Chipmaker Micron Technology Inc. (NASDAQ: MU) is among the semiconductor firms most affected by the demand-supply imbalance the industry is witnessing, and the recent China sanctions have added to its problems. In the past year, Micron’s shares went through a series of ups and downs but maintained a modest uptrend. Earlier, MU had slipped to a two-year low after peaking in January last year.
Micron suffered a setback earlier this year after the Chinese government imposed a ban on its memory and storage chips, impacting sales to several companies headquartered in China. Considering the company’s high exposure in that market, the ban will continue to have a negative impact on revenues. It is also affecting the company’s recovery from the pandemic-induced supply-chain disruption and the demand-supply gap.
Of late, there has been a dip in new orders, and that resulted in inventory buildup. While the management is taking measures to overcome the crisis, for the time being, the topline will likely remain under pressure since China and Hong Kong account for about a fifth of the company’s revenues. Meanwhile, Micron stands to benefit from the growing demand for AI-supported systems due to the extensive use of memory chips in them.
Q4 Report Due
Micron’s fourth-quarter earnings report is scheduled for release on September 27, after the closing bell. The bottom line is expected to remain in the negative territory this time too. Market watchers forecast a loss of $1.18 per share for the August quarter, excluding one-off items, compared to earnings of $1.45 per share in the fourth quarter of 2022. The bearish outlook reflects an estimated 41% fall in revenues to $3.91 billion.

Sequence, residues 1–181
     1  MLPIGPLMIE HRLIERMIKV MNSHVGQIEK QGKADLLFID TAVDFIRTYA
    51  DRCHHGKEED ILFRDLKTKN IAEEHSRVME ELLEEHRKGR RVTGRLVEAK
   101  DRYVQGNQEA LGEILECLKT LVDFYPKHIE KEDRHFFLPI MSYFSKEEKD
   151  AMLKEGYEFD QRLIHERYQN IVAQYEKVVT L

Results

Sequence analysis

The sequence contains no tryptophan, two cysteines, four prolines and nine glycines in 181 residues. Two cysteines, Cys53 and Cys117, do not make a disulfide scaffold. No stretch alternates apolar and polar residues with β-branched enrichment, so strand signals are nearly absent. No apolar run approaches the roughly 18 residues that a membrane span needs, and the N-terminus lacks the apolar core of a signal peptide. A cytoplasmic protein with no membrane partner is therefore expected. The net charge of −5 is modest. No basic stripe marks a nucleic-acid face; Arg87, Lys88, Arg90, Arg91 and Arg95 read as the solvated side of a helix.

The guidance issued by the company a few months ago projects fourth-quarter revenues of approximately $3.90 billion and an adjusted net loss of $1.19 per share. The management is looking for an adjusted gross margin of around (-)10.5% and operating expenses of approximately $845 million.
“Market recovery can accelerate if there is further reduction in industry production and these cuts are sustained well into calendar 2024. In response to the industry environment, Micron has taken decisive actions to bring our supply back in balance with demand. We expect Micron’s year-on-year bit supply growth to be meaningfully negative for DRAM. We also expect to produce fewer NAND bits in calendar 2023 than in calendar 2022. Our fiscal 2023 CapEx plan of $7 billion is down more than 40% from last year, with WFE down more than 50%. We continue to expect fiscal 2024 WFE to be down year-on-year,” said Micron’s CEO Sanjay Mehrotra at the last earnings call.
Loss in Q3
In the most recent quarter, Micron incurred a third consecutive loss, but it was better than the outcome analysts had predicted. In the trailing two quarters, the bottom line missed estimates, reserving the long-term trend of consistent earnings beats. Third-quarter revenues declined a dismal 57% to $3.75 billion but exceeded Wall Street’s expectations. All four operating segments contracted in double digits.
On Wednesday, shares of Micron opened slightly above $70, which is up 42% from last year. They traded lower in the early hours of the session.
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